Potential developers of Stonecroft at Wickford Village, a small subdivision proposed for 173 Boston Neck Road, told the Planning Commission last week it was impossible economically to restore the 18th century farmhouse in the center of the property into an affordable housing duplex. The original plan had the converted farmhouse ringed by five houses to be sold at market prices.
Robert Carr and Alex Petrucci are considering buying the property, which is just south of Beach Road, from Richard Fryburg, who originally proposed the Stonecroft development. They were before the Planning Commission for the second time in two weeks, this time with rough estimates of what it would cost to make the farmhouse structurally sound. They hoped to be able to convince the commission to be able to amend the plan.
Various commission members, however, alternatively doubted the $750,000 number; questioned whether the project as originally conceived seven years ago could go forward if the farmhouse was not saved; and suggested the house be torn down and rebuilt to mirror the old structure.
It was commission member Michael Annarummo who questioned the validity of the $750,000 estimate, suggesting the potential buyers were just back before the commission with “old wine in new bottles.”
“Any normal person who is not in this business went in there would say, get a match,” Carr countered. “This building will NOT be saved.”
Petrucci, who developed South County Commons among other properties, said the drop in property values in recent years made the plan to restore the farmhouse as originally conceived unworkable today.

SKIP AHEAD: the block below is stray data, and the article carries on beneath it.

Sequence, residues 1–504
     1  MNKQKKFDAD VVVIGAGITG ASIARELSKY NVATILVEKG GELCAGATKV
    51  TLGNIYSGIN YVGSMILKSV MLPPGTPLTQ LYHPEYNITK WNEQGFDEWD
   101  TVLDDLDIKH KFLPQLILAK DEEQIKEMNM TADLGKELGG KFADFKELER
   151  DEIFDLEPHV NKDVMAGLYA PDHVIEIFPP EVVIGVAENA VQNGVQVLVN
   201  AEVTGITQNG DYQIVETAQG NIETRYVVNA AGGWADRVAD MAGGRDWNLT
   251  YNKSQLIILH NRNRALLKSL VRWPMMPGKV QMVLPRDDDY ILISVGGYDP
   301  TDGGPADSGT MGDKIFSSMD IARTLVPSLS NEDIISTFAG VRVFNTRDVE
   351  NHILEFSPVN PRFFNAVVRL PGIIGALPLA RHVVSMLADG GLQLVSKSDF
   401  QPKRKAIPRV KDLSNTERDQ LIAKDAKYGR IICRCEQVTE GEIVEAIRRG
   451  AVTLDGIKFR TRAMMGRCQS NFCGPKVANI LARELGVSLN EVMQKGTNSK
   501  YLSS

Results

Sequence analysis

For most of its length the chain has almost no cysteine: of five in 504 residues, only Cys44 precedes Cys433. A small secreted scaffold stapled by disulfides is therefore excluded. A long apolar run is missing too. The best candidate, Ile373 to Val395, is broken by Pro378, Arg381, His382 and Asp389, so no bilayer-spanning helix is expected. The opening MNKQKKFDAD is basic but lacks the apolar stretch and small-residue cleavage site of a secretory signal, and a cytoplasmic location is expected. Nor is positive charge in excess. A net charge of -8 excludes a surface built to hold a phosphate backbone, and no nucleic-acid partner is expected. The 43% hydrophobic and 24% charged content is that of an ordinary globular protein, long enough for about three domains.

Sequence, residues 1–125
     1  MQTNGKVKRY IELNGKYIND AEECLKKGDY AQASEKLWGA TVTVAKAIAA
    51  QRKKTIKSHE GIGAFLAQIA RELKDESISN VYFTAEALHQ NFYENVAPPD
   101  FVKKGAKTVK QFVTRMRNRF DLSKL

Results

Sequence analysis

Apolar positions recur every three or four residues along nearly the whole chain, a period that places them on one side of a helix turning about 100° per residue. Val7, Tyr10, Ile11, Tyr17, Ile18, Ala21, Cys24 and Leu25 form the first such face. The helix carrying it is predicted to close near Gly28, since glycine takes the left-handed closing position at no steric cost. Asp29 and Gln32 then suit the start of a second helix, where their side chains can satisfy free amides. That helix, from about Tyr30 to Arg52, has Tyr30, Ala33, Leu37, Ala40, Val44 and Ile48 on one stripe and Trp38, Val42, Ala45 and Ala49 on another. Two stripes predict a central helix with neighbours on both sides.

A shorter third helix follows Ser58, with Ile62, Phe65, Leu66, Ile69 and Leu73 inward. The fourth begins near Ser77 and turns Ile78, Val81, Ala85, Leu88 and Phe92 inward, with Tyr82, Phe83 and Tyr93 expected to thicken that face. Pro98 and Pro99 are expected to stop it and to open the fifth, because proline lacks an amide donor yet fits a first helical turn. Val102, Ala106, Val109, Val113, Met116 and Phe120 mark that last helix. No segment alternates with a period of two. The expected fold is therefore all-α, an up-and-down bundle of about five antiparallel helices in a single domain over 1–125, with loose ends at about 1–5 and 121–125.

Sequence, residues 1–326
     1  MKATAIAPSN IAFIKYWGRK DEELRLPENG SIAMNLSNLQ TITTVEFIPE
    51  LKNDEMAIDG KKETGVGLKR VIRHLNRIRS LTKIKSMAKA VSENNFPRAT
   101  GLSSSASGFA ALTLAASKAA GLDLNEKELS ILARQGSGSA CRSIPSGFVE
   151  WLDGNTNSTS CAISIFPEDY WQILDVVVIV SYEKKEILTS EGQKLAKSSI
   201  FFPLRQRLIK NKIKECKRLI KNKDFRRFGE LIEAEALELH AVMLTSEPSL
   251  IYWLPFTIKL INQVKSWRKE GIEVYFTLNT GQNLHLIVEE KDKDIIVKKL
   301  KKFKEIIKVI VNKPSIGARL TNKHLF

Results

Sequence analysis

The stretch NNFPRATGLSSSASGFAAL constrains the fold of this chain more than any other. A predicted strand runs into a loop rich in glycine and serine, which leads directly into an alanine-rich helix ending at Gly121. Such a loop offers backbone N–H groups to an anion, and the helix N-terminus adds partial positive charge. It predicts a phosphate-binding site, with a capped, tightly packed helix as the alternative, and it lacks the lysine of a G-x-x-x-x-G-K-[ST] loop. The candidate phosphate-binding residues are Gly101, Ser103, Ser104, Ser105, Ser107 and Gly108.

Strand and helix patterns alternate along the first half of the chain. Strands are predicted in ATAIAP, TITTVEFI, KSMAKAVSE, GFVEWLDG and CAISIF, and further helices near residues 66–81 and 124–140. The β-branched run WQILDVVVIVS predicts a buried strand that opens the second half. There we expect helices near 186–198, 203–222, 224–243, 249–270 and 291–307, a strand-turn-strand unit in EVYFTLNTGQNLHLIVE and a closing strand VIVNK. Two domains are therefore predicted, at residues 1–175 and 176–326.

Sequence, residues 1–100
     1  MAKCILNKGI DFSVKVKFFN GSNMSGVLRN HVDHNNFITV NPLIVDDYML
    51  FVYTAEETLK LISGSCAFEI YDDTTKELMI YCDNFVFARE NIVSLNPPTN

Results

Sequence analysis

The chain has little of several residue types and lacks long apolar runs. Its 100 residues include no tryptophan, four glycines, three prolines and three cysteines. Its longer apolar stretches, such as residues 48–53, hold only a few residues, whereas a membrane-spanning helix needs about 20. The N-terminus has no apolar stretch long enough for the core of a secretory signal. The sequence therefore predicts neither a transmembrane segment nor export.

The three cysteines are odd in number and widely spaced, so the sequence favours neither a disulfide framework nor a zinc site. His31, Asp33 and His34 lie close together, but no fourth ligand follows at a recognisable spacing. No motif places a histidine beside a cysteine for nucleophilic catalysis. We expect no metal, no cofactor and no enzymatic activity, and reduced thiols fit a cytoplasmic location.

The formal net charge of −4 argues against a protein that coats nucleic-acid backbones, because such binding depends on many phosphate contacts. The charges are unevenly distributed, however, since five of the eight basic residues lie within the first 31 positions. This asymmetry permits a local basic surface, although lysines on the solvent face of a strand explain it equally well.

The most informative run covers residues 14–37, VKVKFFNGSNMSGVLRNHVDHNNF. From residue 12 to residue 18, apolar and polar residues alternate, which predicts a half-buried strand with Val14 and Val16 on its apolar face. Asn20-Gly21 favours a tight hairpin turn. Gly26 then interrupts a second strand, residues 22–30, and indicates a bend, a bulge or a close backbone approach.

Commission members pointed out financial viability was not in their charge. Rather, they had approved a project based on one scenario. If that were to be altered, then developers would have to start over.
“My hangup is, we granted specific benefits to a previous applicant, and what we have now is, ‘We’d like the benefits, but we don’t want any of the drawbacks,’” said Commission Chair Gardner Palmer, voicing what he felt the potential buyers were saying.
By state statute, affordable housing units must appear from the outside to be indistinguishable from other housing units in a development. The Planning Commission originally approved Stonecroft at Wickford Village with two affordable units – in the form of the farmhouse-turned-duplex – which would look different from the five single-family units surrounding it.
“If you were to build a new building there … the reason they allowed the density at that time was because they were using an existing historic building for the affordable units,” said the Planning Department’s Nicole LaFontaine. “That fact that the structure was there allowed them to put the duplex in that structure.”
Commission member Jim Grundy, who was on the commission for the earlier vote, said he would never have approved the application with a duplex if not for the farmhouse.Another suggestion came from commission member Harriet Powell, who said perhaps the building could be demolished and recreated new, thus maintaining the historic look but at a price that was more palatable to developers. She said she would want to hear from an historic preservationist before taking such a vote.